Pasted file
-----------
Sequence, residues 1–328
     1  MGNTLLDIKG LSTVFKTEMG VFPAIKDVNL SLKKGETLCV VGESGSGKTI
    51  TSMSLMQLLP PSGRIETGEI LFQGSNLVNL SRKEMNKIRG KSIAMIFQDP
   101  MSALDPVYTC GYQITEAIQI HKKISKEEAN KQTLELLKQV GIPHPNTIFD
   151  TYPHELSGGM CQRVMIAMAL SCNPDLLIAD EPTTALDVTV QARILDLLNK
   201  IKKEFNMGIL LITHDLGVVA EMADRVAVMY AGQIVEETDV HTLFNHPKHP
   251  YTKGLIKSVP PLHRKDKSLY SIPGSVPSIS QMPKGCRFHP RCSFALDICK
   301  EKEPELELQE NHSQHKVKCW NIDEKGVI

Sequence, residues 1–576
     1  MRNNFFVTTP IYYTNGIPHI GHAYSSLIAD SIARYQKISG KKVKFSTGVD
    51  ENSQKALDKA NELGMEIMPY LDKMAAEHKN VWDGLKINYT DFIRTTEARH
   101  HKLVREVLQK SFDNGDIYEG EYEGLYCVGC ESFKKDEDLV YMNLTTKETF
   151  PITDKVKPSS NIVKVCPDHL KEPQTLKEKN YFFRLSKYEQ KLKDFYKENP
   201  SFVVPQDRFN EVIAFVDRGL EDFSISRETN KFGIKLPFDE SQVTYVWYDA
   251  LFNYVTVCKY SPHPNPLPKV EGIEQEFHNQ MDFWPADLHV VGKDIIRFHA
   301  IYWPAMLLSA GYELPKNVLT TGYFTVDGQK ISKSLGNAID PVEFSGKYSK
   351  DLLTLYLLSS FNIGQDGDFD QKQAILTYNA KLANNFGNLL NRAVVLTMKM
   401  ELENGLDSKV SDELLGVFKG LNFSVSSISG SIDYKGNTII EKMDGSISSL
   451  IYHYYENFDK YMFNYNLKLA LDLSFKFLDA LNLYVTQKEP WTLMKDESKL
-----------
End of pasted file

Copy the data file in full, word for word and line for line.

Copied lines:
Sequence, residues 1–328
     1  MGNTLLDIKG LSTVFKTEMG VFPAIKDVNL SLKKGETLCV VGESGSGKTI
    51  TSMSLMQLLP PSGRIETGEI LFQGSNLVNL SRKEMNKIRG KSIAMIFQDP
   101  MSALDPVYTC GYQITEAIQI HKKISKEEAN KQTLELLKQV GIPHPNTIFD
   151  TYPHELSGGM CQRVMIAMAL SCNPDLLIAD EPTTALDVTV QARILDLLNK
   201  IKKEFNMGIL LITHDLGVVA EMADRVAVMY AGQIVEETDV HTLFNHPKHP
   251  YTKGLIKSVP PLHRKDKSLY SIPGSVPSIS QMPKGCRFHP RCSFALDICK
   301  EKEPELELQE NHSQHKVKCW NIDEKGVI

Sequence, residues 1–576
     1  MRNNFFVTTP IYYTNGIPHI GHAYSSLIAD SIARYQKISG KKVKFSTGVD
    51  ENSQKALDKA NELGMEIMPY LDKMAAEHKN VWDGLKINYT DFIRTTEARH
   101  HKLVREVLQK SFDNGDIYEG EYEGLYCVGC ESFKKDEDLV YMNLTTKETF
   151  PITDKVKPSS NIVKVCPDHL KEPQTLKEKN YFFRLSKYEQ KLKDFYKENP
   201  SFVVPQDRFN EVIAFVDRGL EDFSISRETN KFGIKLPFDE SQVTYVWYDA
   251  LFNYVTVCKY SPHPNPLPKV EGIEQEFHNQ MDFWPADLHV VGKDIIRFHA
   301  IYWPAMLLSA GYELPKNVLT TGYFTVDGQK ISKSLGNAID PVEFSGKYSK
   351  DLLTLYLLSS FNIGQDGDFD QKQAILTYNA KLANNFGNLL NRAVVLTMKM
   401  ELENGLDSKV SDELLGVFKG LNFSVSSISG SIDYKGNTII EKMDGSISSL
   451  IYHYYENFDK YMFNYNLKLA LDLSFKFLDA LNLYVTQKEP WTLMKDESKL